It’s the little things that shine through in the game, whether it’s a helicopter hovering in the sky or seeing leaves fall from trees while racing at the Canadian Grand Prix. The visuals for this year’s F1 game are more than just a coat of new paint. From sparks flying when the cars hit a bump on the track, seeing the clouds develop in the far distant and seeing the light fade away. The guys at Codemasters have out done themselves.
If there’s one thing that stands out about F1 2018 is the games AI. I’ve stated quite a number of times how great my engineer Jeff pointed out what I need to improve on during a race or practice sessions. It’s the same system that we see being introduced to the game’s online races. The one thing most online players complained about was racing against players that either too skilled or are noobs. F1 2018’s Super License system was introduced this year to eliminate hardcore F1 players from competing with noobs (noobs are newcomers to any game) by placing users with the same skill set in the same category. Which left the likes of me in the same category as players who enjoy to turn an online race into bumper cars. As you get better you get thrown into a new class and I appreciate this, I’m happy that your time on the track gets rewarded in this manner.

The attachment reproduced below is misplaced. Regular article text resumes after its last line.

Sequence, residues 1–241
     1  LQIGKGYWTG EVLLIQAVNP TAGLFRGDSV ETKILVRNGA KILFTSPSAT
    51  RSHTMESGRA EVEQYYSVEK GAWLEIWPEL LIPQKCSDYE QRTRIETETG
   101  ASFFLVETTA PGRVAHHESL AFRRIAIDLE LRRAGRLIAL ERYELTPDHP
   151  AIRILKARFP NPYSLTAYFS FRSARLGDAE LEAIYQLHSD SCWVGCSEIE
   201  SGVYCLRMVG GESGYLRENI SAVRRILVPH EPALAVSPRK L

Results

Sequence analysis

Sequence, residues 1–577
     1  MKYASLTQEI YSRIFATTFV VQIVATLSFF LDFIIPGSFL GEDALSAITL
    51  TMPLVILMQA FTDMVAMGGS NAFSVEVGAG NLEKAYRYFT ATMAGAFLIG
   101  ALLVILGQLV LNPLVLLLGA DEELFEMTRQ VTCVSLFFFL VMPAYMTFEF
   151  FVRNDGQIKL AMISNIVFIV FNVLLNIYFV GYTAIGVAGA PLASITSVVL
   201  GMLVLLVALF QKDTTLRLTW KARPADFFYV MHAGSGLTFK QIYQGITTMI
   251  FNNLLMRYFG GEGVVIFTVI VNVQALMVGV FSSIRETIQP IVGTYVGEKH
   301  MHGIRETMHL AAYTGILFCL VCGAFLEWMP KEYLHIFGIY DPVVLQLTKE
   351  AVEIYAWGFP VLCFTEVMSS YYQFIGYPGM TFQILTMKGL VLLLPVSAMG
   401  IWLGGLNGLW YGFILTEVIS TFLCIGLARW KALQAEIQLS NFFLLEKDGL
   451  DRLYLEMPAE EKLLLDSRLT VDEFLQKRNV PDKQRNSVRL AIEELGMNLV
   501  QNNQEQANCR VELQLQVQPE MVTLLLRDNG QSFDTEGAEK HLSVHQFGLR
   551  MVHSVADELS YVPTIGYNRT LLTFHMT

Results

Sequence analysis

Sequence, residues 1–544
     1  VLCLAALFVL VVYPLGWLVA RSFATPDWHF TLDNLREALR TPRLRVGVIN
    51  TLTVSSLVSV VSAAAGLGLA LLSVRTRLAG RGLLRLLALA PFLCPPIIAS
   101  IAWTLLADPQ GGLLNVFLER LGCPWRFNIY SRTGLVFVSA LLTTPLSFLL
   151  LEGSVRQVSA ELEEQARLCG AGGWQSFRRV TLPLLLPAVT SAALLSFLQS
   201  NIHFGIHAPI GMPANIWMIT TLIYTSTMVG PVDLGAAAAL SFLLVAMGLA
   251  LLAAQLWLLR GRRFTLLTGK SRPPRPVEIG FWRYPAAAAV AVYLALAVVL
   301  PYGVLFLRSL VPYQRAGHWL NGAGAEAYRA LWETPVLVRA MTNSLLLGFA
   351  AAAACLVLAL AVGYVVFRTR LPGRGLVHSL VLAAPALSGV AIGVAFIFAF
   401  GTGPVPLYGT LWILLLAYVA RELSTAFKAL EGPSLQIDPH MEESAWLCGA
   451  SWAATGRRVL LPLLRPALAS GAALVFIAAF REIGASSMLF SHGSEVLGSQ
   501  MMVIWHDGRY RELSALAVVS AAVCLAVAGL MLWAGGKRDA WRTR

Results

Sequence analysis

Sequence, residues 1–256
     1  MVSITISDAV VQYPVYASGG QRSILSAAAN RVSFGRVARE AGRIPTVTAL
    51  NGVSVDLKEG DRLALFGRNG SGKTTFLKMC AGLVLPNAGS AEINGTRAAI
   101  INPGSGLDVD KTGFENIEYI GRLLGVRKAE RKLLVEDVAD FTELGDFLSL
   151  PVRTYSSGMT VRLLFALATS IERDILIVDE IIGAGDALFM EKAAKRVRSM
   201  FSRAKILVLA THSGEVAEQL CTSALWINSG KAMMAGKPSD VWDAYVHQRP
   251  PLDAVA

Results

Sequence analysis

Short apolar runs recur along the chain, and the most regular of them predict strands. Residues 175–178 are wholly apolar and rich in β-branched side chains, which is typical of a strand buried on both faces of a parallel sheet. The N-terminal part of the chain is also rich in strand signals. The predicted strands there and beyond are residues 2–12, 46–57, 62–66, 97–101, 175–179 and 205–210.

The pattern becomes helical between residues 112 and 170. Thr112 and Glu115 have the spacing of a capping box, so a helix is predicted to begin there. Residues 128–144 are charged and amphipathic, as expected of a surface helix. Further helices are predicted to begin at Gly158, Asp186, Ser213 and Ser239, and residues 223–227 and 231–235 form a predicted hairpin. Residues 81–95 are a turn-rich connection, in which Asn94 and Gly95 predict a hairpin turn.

In all honestly I spent most of my time playing the career mode, but do you blame me. It’s so lengthy and I used the resource points I gathered to purchase updates for the car. Research & Development plays a huge part of F1 and it’s important to keep adding new updates to the car so that it performs throughout the season.
There’s no doubt that Codemasters have given us a video game that not only looks stunning but also handles really well. I’ve been playing the F1 video game series since 2016 and I don’t ever remember struggling with the games handling. I used my PS4’s dualshock controller to navigate my way around F1 2018. The controller vibrants whenever you run across a curve, giving you the sensation that you are in the car. It’s a great game both visually and in the controls department.
F1 2018 is a great game if you’re a huge F1 fan, it has a tedious learning curve if you are not a fan of the sport. The jargon alone will put you off the game but this will give die hard F1 fans a hard-on and you will fall in love with the sport even more. It gets a solid 9/10.
I was provided a review copy of F1 2018 and played the game on PlayStation 4.